“The very first piece of equipment that veered away from the normal splints and bandages was a pen torch –it was a big political issue back then,” smiles Tony.

“We had to go on a special course to learn about the workings of the eye and then when we’d completed it we were presented with our pen torch!”

During the mid-1980s crews learnt to administer ECGs and defibrillators too and in 1991 Tony put himself forward for paramedic training so he could help people even more. After completing a three-month training course covering more invasive procedures he became Spalding’s first paramedic.

“The thing about this job is that no two days are the same – it’s very varied. I served with the air ambulance for three-and-a-half years as well after putting my name down to be considered. I had to go through a selection and fitness process, but got on absolutely brilliantly. We were going on similar sorts of jobs, but just getting people to hospital more quickly. It was a wonderful time. I was seconded for one week per month. I really enjoyed it and was sad when it came to an end.”

As well as taking to the skies, Tony also spent seven years working as a despatcher in the control room, another role he thoroughly enjoyed. And in 1993 he took part in Operation Angel, with a team of healthcare support workers in Bosnia evacuating people from the wartorn area of Mostar.

“We were over there for a couple of weeks, it was quite an experience. We had to retrieve the casualties at Mostar and transport them down to Split where they were airlifted out. Obviously they were suffering a lot of trauma, but it was also mental trauma due to what they had been through. It was terrible, you just felt as though you wanted to give them all a hug,” he recalls. “That’s the thing about this job, every day is different and despite being given the information, you never know what you’re going to find when you arrive at a job.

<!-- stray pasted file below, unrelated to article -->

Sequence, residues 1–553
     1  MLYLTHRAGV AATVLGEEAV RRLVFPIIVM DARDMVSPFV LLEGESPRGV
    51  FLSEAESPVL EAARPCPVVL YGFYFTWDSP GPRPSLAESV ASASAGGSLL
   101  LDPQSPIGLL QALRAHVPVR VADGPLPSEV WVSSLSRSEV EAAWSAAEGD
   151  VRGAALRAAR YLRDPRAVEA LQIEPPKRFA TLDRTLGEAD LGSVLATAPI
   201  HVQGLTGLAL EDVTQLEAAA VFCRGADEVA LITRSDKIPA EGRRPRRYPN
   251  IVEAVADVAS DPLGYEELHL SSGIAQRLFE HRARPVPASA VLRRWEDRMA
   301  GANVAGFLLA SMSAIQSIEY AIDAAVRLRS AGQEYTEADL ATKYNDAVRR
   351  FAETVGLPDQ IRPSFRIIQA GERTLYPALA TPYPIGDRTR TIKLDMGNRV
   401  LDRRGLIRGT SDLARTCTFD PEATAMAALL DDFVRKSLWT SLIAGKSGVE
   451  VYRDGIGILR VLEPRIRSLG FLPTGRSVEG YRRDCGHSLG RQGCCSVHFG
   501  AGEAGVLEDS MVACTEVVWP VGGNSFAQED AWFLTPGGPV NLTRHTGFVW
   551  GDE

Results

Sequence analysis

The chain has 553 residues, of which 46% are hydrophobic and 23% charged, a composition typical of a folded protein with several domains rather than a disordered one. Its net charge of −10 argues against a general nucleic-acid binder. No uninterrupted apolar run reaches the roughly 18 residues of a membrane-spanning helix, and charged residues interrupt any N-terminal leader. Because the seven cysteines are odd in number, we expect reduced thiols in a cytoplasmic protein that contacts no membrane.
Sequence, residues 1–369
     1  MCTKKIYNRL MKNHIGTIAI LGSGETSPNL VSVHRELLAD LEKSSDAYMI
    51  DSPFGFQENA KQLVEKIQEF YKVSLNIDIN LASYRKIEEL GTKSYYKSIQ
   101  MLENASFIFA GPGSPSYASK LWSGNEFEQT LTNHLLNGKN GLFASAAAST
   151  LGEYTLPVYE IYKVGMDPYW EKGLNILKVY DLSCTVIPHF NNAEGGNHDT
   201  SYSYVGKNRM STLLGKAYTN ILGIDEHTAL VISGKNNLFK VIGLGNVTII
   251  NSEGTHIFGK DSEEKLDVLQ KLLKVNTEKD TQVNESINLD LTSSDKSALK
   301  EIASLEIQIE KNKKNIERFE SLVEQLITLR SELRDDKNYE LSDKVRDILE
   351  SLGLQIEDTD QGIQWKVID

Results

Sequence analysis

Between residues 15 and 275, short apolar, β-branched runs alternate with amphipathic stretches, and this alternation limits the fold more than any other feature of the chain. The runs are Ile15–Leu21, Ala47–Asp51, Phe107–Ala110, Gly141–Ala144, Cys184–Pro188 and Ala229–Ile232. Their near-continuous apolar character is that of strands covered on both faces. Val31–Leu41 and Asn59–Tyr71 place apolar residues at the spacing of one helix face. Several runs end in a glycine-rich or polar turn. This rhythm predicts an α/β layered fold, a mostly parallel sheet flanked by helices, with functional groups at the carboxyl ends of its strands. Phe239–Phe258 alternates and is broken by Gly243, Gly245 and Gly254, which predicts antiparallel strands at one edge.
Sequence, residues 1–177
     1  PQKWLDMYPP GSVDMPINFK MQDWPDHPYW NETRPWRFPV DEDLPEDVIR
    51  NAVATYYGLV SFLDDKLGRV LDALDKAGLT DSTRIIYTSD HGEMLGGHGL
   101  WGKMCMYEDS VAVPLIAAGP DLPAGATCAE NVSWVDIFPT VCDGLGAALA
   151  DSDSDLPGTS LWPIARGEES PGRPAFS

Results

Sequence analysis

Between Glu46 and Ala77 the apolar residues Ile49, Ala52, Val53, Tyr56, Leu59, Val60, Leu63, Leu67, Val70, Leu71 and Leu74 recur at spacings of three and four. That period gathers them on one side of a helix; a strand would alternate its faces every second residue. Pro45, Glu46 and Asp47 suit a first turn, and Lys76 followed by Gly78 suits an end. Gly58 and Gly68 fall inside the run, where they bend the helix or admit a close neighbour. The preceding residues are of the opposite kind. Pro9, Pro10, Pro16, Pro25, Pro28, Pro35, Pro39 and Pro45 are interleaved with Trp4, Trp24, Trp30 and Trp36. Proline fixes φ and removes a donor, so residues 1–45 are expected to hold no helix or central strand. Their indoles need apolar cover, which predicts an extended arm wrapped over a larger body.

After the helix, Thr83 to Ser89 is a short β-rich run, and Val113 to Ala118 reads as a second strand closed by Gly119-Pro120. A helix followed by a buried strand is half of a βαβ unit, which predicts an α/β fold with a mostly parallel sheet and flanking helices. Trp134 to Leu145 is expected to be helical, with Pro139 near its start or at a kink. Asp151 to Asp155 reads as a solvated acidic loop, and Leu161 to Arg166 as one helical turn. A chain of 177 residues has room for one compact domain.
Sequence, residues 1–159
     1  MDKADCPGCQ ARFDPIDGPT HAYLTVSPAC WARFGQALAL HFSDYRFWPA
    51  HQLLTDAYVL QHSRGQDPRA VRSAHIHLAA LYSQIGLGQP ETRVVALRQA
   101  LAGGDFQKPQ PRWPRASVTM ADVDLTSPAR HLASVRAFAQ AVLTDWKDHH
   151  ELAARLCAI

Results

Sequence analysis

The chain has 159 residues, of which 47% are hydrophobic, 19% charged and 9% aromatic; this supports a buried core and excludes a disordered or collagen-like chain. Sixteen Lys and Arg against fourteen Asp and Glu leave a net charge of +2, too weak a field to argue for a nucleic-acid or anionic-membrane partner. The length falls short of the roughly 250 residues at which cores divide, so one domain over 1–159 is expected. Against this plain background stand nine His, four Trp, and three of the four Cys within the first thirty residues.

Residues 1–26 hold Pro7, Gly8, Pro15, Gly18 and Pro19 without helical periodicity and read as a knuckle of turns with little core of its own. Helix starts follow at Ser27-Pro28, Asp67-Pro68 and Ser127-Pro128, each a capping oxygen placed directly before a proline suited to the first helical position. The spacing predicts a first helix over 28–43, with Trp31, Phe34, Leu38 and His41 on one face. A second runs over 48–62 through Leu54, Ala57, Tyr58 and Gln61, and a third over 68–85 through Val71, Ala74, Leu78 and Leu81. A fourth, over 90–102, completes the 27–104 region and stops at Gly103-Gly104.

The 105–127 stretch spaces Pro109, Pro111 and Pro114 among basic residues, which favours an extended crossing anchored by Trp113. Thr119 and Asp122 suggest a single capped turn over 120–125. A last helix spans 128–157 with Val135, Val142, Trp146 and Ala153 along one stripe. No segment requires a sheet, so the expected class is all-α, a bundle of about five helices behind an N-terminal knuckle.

“A couple of incidents that particularly stand out include one where an old lady was driving through Dowsby Fen where a herd of cows were crossing the road. As she turned out of a roadway she went straight into them and killed three calves. It was quite a peculiar site when the headlights picked out the collision.

“Another strange call we had was to attend a couple who had been attacked by an over amorous ostrich – they were leading him to meet a female and he got a bit excited and trampled them, fortunately they were OK,” he adds.

Tony marked his 40th anniversary with a small celebration with family, friends and colleagues and plans to continue working at least until he’s 66, if not longer.

“Time has gone so quickly, I think that’s because I enjoy the job, it’s just been amazing,” he says. “I have seen many things, many which have moved me to tears – tragedies and happy endings – and you draw strength from that, you have to. It helps you to cope and move on to the next job. I am so lucky to be doing this; it really is the best job in the world.”

Comments Add your thoughts.

Add a comment


  • Please note, your comment will appear upon approval by an administrator